The 50th anniversary of the Supreme Court decision called Gideon — among lawyers, that’s the only name that needs to be murmured, and what a clarion name it is! — has produced many recent and beautiful pieces of writing.
The best I can do in honor of Gideon is to recognize a few of the essays I’ve read. Most of them tend, though, to be less celebrational than worried, such as, “The Right to Counsel: Badly Battered at 50,” by Lincoln Caplan (with a sad, moving photograph of Mr. Gideon’s cemetery marker), and “Gideon’s Muted Trumpet,” by Paul Butler, both in the New York Times.
For one thing, although Gideon guaranteed indigent criminal defendants a lawyer, as we all know painfully, it didn’t guarantee an indigent defendant a diligent, competent lawyer. And Gideon‘s raveled guarantee depends on a disorderly quilt of federal, state and local legal aid organizations, underfinanced and overworked.
True, some of the best lawyers I’ve known have worked for one version of legal aid or another, but then I come from a city with some of the best lawyers in the country.
So Gideon isn’t perfect.
Nor did Gideon promise a lawyer to all people needy of legal advice but also needy of the funds to pay for that legal advice. I’ve linked a few articles on exactly that subject. Here’s one by Matthew Desmond, in the New York Times.
What prompted me to write my own small, borrowed, delayed and imperfect salute to Mr. Gideon was this, from a elderly British mystery I was reading very late the other night. Gideon was decided in 1963. Look at the publication date of this novel:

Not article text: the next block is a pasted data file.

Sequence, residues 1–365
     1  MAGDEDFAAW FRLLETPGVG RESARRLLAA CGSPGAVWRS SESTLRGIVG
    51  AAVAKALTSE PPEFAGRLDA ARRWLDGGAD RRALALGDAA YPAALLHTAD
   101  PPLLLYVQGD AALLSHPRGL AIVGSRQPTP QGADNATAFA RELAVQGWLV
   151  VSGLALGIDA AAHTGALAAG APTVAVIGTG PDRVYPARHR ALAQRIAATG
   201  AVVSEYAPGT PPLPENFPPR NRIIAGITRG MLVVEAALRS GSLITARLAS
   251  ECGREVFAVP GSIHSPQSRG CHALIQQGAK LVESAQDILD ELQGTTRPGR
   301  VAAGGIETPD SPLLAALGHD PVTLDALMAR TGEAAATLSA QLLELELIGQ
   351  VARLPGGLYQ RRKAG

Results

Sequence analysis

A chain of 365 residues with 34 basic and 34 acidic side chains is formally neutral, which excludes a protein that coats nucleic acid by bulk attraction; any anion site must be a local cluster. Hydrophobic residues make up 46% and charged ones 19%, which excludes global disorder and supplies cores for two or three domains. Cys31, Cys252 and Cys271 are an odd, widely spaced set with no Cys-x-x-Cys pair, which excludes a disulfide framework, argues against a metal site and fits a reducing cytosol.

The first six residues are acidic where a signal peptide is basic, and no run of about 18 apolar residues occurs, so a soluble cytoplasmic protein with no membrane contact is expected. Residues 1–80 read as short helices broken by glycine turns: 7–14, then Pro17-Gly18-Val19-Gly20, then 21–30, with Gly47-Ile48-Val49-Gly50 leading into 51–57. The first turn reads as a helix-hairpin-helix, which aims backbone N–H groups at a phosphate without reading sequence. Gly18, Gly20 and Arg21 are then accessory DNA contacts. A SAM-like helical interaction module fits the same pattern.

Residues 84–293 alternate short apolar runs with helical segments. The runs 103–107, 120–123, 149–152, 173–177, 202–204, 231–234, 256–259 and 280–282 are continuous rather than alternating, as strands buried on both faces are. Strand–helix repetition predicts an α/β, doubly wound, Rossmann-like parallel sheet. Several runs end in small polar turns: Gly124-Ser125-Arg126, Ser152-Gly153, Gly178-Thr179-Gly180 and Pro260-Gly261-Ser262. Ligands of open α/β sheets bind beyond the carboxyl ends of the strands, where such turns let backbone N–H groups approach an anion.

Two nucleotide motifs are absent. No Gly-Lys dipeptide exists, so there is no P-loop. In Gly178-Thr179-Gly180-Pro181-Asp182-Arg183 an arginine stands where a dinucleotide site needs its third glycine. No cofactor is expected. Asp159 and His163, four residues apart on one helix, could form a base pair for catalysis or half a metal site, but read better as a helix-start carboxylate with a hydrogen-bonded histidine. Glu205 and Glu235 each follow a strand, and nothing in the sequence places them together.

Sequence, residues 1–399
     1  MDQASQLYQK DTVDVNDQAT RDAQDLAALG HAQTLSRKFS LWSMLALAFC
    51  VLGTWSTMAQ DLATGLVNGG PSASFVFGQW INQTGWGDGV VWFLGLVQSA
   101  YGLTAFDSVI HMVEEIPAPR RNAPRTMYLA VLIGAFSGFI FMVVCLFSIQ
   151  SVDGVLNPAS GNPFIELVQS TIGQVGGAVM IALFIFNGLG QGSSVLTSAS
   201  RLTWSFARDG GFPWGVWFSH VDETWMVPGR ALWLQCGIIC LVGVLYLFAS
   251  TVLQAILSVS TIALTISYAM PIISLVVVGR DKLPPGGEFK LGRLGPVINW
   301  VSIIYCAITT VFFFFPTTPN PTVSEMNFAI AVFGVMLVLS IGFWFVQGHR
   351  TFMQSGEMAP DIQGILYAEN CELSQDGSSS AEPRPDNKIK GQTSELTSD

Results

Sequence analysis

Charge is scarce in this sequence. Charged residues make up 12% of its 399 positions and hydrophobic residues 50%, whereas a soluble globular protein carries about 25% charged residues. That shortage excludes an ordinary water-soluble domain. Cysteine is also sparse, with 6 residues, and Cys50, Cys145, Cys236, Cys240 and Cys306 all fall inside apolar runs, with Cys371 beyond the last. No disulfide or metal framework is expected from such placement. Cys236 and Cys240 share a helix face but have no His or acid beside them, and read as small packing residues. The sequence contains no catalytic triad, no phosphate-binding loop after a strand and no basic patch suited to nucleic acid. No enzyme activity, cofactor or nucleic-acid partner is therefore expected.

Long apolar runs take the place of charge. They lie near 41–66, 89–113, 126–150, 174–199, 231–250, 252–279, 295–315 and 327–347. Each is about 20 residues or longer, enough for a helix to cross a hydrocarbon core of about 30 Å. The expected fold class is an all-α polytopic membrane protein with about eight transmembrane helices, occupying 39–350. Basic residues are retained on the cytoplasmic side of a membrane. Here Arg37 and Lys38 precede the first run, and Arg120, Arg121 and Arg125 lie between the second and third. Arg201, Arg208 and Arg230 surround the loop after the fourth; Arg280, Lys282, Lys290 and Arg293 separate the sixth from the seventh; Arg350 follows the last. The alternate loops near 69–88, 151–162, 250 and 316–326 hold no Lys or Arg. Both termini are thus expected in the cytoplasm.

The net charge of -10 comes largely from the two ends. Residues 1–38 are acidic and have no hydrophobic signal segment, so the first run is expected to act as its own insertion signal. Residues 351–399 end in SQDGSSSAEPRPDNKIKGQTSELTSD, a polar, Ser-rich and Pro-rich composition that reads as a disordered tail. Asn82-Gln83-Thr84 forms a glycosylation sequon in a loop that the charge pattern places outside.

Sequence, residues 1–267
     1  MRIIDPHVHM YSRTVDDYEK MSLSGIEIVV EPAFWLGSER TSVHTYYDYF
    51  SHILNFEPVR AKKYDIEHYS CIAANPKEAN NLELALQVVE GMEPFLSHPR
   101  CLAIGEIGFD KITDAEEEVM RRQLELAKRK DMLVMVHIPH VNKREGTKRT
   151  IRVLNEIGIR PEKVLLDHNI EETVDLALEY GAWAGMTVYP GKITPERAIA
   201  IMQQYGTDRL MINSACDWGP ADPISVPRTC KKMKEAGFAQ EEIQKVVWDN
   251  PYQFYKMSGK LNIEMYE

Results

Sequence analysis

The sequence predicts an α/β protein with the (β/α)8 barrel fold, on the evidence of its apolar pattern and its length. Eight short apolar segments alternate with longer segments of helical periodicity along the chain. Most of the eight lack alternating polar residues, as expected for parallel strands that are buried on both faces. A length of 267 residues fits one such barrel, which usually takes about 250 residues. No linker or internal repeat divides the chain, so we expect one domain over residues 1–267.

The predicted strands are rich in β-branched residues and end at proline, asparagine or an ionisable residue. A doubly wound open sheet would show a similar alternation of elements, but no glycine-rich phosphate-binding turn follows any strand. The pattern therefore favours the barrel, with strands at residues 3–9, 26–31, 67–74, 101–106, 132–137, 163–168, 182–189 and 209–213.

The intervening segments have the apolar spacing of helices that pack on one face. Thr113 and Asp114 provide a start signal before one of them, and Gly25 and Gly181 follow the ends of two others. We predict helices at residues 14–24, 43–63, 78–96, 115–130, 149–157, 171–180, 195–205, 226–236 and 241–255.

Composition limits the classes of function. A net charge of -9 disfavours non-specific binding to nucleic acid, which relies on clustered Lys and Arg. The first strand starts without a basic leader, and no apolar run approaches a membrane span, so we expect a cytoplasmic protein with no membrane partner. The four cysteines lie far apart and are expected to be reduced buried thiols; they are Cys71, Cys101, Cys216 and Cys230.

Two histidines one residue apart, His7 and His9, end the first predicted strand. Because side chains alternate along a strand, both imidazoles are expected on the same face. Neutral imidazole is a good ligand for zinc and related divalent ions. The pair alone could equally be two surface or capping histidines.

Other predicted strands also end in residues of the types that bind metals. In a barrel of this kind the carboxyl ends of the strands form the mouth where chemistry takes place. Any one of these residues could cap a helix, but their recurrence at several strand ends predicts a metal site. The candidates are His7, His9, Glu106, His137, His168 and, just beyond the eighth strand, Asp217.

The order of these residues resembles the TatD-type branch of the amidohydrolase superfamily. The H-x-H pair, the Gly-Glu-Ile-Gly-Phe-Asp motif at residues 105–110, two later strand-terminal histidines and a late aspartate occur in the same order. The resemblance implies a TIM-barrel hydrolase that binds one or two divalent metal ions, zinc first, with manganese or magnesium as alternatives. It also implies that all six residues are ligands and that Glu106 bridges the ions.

“Has he any friends?”
“Only your aunt, Mrs. Everett.”
And who will pay for his defense?”
“Then he can’t have any of the good ones. That doesn’t seem to me particularly fair – for the law to keep famous lawyers to do their prosecuting and not famous lawyers to defend poor criminals.”‘
Grant grinned. “Oh, he’ll have a fair deal, don’t you worry. It is the police who are harried round in a murder case.”
“Did you never, in all your experience, know a case where the law made a mistake?”
“Yes, several,” Grant admitted cheerfully. “But they were all cases of mistaken identity. And that’s not in question here.”
“No; but there must be case where the evidence is nothing but a lot of things that have nothing to do with each other put together until they look like something. Like a patchwork bedcover.”
From The Man in the Queue, by Josephine Tey (1953)